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20 Years Old, from Doncaster but live in Leeds. Music listener, creator, player, blogger

Monday, 20 April 2015

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Blurred Lines - News

R’n’B musicians Robin Thicke and Pharrell Williams have been ordered to pay over $7million to the family of the late soul artist Marvin Gaye, after ruling that their Grammy nominated hit single ‘Blurred Lines’ copied one of Gaye’s tracks.

The family of Marvin Gaye, who died in 1984, have been awarded $7.3m (£4.8m) in damages, after the court ruled that there were too many similarities between ‘Blurred Lines’ and Gaye’s 1977 hit ‘Got to Give It Up’.

After his death, Gaye left the copyright to his music to his three children, Frankie, Nona, and Marvin. Along with the Gaye family lawyer Richard Busch, they have recently tried to stop all distribution of ‘Blurred Lines’ until an agreement about how the royalties will be shared in the future was met. Busch said that “We'll be asking the court to enter an injunction prohibiting the further sale and distribution of Blurred Lines unless and until we can reach an agreement with those guys on the other side about how future monies that are received will be shared.” 

Marvin Gaye’s wife Janis spoke of the trial, claiming that it was a very emotional time leading to the verdict being read, claiming that her “heart started pounding”, but that she ‘still had faith that the verdict was going to go [her] way”.

Gaye family lawyer Busch called Williams and Thicke liars, before accusing them of outright copying ‘Got to Give It Up’. Williams has admitted that he grew up listening to the music of Gaye, and has acknowledged that there is a likeness between the two songs - but maintains that he simply drew influence when he wrote the song, stating that he was trying “to channel that late 70’s feeling”, and denied copying the hit. Thicke stated he had minimal input into the writing of the song.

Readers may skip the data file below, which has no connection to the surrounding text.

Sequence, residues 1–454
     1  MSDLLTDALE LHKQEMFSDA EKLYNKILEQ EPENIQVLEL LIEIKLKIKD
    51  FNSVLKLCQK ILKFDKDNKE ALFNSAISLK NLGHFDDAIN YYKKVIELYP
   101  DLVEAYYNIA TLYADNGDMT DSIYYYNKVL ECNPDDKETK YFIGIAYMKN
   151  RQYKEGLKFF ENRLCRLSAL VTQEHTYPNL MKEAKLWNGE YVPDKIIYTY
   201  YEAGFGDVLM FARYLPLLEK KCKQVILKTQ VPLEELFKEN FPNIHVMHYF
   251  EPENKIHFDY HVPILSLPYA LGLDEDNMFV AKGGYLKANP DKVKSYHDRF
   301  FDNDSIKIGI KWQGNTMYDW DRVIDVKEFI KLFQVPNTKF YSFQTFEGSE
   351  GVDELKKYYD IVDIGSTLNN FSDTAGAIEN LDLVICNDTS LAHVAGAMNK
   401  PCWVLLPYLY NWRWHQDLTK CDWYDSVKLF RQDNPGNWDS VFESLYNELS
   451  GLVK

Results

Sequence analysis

Thicke and Williams are thought to have earned around $5m (£3m) each from the hit, which was the highest earning song of 2013.

The duo’s lawyer, Howard E King, was extremely unhappy with the decision. “While we respect the judicial process, we are extremely disappointed in the ruling made today”, he said, before adding that the decision “sets a horrible precedent for music and creativity going forward”, and that it would have a “chilling effect on musicians who were trying to pay homage to another artist’s sound”.

King said that he and his clients are “reviewing the decision and considering [their] options”. It is thought that Williams and Robin Thicke will appeal against the verdict. 

Blurred Lines - Opinion

Earlier this week R’n’B stars Robin Thicke and Pharrell Williams were ordered by a jury to pay over $7m to the family of Marvin Gaye, after it was ruled that their single ‘Blurred Lines’ was a copy of Gaye’s ‘Got to Give It Up’. 

Having listened to both songs one after the other, I can admit that there are similarities between the two. However, to me it seems ridiculous to say that it was a blatant copy. Marvin Gaye and Pharrell Williams aren’t the only two people to have used a similar groove and drum beat - which is where the similarities between the two songs in question ends. Pharrell has made no secret of the fact that he grew up listening to Marvin Gaye, and there are plenty of videos online of him admitting that he took influence from ‘Got to Give It Up’. Pharrell has produced plenty of chart topping songs over the years, and since ‘Blurred Lines’ was released he has produced more - ‘Happy’ is permanently on the radio somewhere - so it’s not like he even needs to plagiarise to create a hit.

Pop artists in the charts today will take influence from artists they grew up listening to, and may want to pay homage to the music that inspires them. But when does it become plagiarism? Bruno Mars’ recent hit ‘Uptown Funk’ has a similar drum groove and guitar part to countless Funk classics, but to suggest that it has copied any song is ludicrous - this style of playing is a key characteristic in the genre. Plenty of other music in the charts now is heavily influenced from old music as well - Meghan Trainor’s singles are essentially Doo-Wop classics repackaged for the modern listener - but it’s hardly plagiarism.